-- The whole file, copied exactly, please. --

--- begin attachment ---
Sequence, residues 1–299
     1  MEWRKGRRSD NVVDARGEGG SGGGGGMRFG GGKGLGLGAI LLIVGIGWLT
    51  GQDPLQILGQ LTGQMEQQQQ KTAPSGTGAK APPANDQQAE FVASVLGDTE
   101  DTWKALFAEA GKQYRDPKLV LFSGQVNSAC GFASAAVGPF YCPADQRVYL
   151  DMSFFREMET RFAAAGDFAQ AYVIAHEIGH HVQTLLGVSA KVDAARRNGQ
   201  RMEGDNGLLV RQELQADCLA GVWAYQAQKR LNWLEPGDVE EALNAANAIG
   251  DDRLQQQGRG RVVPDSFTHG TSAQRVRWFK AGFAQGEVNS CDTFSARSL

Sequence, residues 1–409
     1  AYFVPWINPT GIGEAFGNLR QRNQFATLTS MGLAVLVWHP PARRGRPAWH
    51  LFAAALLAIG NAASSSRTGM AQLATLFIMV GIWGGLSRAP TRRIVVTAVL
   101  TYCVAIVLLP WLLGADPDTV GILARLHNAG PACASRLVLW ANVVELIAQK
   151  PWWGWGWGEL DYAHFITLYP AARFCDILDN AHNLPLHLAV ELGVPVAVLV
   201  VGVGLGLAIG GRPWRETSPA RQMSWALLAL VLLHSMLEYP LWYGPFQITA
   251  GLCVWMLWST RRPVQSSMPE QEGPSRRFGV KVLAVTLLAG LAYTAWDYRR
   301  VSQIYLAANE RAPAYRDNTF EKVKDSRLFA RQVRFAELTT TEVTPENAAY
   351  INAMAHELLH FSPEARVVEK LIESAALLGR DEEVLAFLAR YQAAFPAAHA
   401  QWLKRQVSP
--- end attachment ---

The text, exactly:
Sequence, residues 1–299
     1  MEWRKGRRSD NVVDARGEGG SGGGGGMRFG GGKGLGLGAI LLIVGIGWLT
    51  GQDPLQILGQ LTGQMEQQQQ KTAPSGTGAK APPANDQQAE FVASVLGDTE
   101  DTWKALFAEA GKQYRDPKLV LFSGQVNSAC GFASAAVGPF YCPADQRVYL
   151  DMSFFREMET RFAAAGDFAQ AYVIAHEIGH HVQTLLGVSA KVDAARRNGQ
   201  RMEGDNGLLV RQELQADCLA GVWAYQAQKR LNWLEPGDVE EALNAANAIG
   251  DDRLQQQGRG RVVPDSFTHG TSAQRVRWFK AGFAQGEVNS CDTFSARSL

Sequence, residues 1–409
     1  AYFVPWINPT GIGEAFGNLR QRNQFATLTS MGLAVLVWHP PARRGRPAWH
    51  LFAAALLAIG NAASSSRTGM AQLATLFIMV GIWGGLSRAP TRRIVVTAVL
   101  TYCVAIVLLP WLLGADPDTV GILARLHNAG PACASRLVLW ANVVELIAQK
   151  PWWGWGWGEL DYAHFITLYP AARFCDILDN AHNLPLHLAV ELGVPVAVLV
   201  VGVGLGLAIG GRPWRETSPA RQMSWALLAL VLLHSMLEYP LWYGPFQITA
   251  GLCVWMLWST RRPVQSSMPE QEGPSRRFGV KVLAVTLLAG LAYTAWDYRR
   301  VSQIYLAANE RAPAYRDNTF EKVKDSRLFA RQVRFAELTT TEVTPENAAY
   351  INAMAHELLH FSPEARVVEK LIESAALLGR DEEVLAFLAR YQAAFPAAHA
   401  QWLKRQVSP